Endless Sky is a free, open source space exploration game. It is a remake of the now ancient game, Escape Velocity, but offers similar sandbox space trading and galaxy exploring simulation as Elite: Dangerous or Star Control. Others liken Endless Sky to a quick, downscaled fix of the enormous space-MMO, EVE Online.

Endless Sky includes an extensive single-player campaign, side-missions, shipbuilding, and, of course, intergalactic space battles.

Available for Windows, Mac, and Linux.

8. FreeCiv

FreeCiv is an open source clone of Civilization II, and that’s only because it started way back in 1997. You can play in both single-player and multiplayer modes, and we highly recommend using the web client.

The coolest thing is that FreeCiv has a “Longturn” mode, where 250 players take one single turn every day. It also supports a “Play by Email” mode, which is great when you want to play your turns as available.

Available for Windows, Mac, Linux, and Web.

9. Freedoom

Freedoom is an open source clone of Doom. The source code for Doom is open as well, but the assets (like graphics and sounds) are still licensed. Freedoom aims to create the free content portion that would allow the game to become “truly” open source and free.

To play Freedoom, you must also download a compatible Doom engine, such as ZDoom (recommended) or Crispy Doom.

Available for Windows, Mac, Linux, and Android.

10. FlightGear

FlightGear is an open source flight simulator that was built originally as an alternative to Microsoft Flight Simulator. Many would say that FlightGear is the best free flight sim currently available, receiving favorable reviews across major gaming publications.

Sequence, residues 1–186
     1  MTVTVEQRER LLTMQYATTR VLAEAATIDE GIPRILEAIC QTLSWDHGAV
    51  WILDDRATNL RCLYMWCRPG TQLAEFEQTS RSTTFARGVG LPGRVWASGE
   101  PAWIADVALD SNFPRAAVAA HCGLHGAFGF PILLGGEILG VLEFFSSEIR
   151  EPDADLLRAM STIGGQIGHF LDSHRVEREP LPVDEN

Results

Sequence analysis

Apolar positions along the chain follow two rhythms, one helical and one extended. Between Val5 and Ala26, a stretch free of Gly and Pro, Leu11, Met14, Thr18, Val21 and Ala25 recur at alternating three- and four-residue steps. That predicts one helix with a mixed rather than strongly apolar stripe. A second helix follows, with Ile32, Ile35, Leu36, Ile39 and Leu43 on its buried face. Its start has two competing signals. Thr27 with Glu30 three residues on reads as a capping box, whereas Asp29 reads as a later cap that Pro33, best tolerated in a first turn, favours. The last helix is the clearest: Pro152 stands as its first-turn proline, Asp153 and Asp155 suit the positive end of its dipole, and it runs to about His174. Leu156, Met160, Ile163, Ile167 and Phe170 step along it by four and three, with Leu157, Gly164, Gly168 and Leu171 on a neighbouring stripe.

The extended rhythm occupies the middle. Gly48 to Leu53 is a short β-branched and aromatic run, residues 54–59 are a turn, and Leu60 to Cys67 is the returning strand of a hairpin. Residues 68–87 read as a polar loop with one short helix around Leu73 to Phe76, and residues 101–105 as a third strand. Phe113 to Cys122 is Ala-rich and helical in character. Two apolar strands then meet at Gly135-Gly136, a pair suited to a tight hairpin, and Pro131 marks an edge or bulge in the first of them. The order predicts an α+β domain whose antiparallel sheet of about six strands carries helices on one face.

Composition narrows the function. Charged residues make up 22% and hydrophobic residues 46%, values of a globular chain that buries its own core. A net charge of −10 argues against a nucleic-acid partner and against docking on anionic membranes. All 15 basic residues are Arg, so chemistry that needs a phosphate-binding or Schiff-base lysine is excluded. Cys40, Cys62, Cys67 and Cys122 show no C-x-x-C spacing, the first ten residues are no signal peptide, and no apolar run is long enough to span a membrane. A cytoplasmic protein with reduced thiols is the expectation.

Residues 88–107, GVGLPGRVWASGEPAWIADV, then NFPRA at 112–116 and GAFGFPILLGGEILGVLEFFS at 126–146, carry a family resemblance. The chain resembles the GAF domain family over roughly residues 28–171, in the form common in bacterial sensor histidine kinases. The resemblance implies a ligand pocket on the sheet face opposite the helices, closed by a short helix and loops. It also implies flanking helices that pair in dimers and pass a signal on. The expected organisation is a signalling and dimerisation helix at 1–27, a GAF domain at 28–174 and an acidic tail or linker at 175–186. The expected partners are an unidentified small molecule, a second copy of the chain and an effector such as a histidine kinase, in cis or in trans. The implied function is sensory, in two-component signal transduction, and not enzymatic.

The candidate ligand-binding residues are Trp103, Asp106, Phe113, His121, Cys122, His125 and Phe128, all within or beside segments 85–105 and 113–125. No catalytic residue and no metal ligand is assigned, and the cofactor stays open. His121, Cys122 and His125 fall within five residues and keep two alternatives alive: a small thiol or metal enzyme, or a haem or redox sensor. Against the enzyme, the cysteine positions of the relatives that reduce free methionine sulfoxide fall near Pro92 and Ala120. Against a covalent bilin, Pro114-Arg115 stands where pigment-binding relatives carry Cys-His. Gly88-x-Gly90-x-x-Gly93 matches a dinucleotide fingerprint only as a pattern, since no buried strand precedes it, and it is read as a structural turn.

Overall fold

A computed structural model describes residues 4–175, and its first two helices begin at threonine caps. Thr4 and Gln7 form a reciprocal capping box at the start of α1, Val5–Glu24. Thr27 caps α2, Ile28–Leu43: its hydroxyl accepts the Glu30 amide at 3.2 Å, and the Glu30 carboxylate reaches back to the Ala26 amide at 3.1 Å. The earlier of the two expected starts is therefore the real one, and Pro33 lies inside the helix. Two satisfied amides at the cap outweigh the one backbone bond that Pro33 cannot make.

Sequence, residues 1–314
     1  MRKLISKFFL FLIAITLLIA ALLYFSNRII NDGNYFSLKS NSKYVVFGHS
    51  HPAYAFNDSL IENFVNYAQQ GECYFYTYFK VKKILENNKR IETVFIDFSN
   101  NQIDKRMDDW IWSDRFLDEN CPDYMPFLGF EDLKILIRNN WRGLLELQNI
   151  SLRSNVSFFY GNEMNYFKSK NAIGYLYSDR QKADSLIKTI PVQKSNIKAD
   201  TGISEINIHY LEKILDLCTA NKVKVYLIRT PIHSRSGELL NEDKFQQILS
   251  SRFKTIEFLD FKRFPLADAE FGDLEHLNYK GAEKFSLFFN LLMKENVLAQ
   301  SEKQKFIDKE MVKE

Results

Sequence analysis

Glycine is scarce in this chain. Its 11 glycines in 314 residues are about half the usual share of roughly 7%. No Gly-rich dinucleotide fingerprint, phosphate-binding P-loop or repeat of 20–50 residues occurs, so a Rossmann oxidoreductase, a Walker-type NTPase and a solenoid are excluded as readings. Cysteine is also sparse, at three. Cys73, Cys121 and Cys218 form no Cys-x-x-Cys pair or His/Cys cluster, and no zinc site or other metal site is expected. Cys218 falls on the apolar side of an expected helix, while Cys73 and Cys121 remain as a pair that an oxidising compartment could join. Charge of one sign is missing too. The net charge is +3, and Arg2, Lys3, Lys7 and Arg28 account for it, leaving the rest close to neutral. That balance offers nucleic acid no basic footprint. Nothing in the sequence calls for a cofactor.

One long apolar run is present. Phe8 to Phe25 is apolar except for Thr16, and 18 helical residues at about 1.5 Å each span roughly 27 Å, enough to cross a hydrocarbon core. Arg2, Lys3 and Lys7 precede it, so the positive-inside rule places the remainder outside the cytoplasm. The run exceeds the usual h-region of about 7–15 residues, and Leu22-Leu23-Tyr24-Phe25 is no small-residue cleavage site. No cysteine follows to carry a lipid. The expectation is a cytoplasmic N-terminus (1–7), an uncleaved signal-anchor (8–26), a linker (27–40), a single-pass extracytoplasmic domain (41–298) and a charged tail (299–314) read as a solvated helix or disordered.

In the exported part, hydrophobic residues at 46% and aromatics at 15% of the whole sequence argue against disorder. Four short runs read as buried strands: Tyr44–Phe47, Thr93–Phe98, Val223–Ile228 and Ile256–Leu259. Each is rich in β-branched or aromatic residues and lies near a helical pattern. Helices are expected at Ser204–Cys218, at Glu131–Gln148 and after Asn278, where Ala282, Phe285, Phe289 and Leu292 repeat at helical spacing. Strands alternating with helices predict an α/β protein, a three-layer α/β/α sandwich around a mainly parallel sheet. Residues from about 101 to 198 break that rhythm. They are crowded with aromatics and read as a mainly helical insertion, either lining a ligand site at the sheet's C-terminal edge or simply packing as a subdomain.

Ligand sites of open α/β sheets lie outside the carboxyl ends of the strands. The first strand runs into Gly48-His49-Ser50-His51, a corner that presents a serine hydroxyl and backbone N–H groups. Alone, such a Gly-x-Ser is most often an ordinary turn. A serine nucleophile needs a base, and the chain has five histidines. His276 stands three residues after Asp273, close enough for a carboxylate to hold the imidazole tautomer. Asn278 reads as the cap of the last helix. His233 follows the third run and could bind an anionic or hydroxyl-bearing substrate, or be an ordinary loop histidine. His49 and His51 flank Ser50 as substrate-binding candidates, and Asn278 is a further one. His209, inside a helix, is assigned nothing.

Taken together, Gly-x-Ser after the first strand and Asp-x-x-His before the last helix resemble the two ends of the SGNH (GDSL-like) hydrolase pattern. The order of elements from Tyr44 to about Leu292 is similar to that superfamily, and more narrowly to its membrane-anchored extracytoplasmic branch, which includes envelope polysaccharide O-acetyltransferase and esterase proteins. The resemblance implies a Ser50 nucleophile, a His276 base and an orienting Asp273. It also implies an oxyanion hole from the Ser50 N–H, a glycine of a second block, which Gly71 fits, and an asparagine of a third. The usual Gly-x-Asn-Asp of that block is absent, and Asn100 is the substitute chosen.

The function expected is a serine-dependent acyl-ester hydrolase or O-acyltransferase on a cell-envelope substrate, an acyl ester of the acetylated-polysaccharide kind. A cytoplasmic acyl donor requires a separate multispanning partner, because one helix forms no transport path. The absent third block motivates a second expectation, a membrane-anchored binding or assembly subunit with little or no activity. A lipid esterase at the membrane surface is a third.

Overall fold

FlightGear includes live weather patterns taken from METAR data, meaning you can find yourself in the middle of a storm if you don’t check your maps before departing. There is also a multiplayer option that allows you to fly with friends (or someone can control the air traffic control tower).

Available for Windows, Mac, and Linux.

11. Hedgewars

Hedgewars is an open source clone of Worms—but it’s also so much more than that. It has taken the idea of a turn-based strategic artillery game and expanded it in all kinds of directions, especially when it comes to the weapons available in the game.

In addition to single-player missions and multiplayer mayhem, Hedgewars provides all kinds of customization: to your hedgehog, to game modes, and to game assets (through community-made content packs).

Available for Windows, Mac, Linux, and iOS.

12. MegaGlest

MegaGlest is a real-time strategy game that emphasizes big battles and epic adventures. Based on the now-defunct Glest, MegaGlest mixes fantasy and technology to create a unique experience. The engine is moddable enough to allow players to create total conversion mods.

Available for Windows, Mac, and Linux.

13. Minetest

Do you want to play Minecraft without paying the price tag? Or are you unhappy with Minecraft’s development vision and direction? Then check out Minetest, an open source clone that returns to the game’s roots.